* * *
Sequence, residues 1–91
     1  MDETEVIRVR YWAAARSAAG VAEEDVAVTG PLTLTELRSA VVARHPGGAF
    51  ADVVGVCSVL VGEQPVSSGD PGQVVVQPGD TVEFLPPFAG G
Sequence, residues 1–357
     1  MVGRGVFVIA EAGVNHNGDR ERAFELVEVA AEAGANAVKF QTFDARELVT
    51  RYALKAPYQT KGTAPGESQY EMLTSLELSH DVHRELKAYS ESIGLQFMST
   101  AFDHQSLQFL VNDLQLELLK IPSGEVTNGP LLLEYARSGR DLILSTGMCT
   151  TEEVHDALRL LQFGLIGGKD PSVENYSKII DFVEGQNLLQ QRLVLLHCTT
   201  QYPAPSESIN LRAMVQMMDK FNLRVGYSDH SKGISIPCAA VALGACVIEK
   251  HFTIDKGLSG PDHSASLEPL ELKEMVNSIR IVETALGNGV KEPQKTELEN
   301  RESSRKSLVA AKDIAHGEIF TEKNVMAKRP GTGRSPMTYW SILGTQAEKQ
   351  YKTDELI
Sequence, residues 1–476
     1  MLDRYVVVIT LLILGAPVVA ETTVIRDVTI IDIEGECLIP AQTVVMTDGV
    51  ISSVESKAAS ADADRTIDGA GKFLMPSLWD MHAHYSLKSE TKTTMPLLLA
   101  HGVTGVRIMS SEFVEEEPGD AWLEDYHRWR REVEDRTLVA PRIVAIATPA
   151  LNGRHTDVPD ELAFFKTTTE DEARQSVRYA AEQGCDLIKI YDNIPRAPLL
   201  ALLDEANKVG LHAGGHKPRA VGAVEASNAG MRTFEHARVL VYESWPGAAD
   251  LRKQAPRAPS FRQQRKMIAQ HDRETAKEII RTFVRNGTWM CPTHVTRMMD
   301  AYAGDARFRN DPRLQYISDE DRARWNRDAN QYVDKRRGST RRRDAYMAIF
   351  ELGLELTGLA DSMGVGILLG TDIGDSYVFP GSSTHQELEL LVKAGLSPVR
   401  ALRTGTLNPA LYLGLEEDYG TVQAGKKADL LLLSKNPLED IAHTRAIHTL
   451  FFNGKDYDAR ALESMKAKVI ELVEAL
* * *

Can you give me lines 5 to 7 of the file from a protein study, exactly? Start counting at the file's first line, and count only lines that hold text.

     1  MVGRGVFVIA EAGVNHNGDR ERAFELVEVA AEAGANAVKF QTFDARELVT
    51  RYALKAPYQT KGTAPGESQY EMLTSLELSH DVHRELKAYS ESIGLQFMST
   101  AFDHQSLQFL VNDLQLELLK IPSGEVTNGP LLLEYARSGR DLILSTGMCT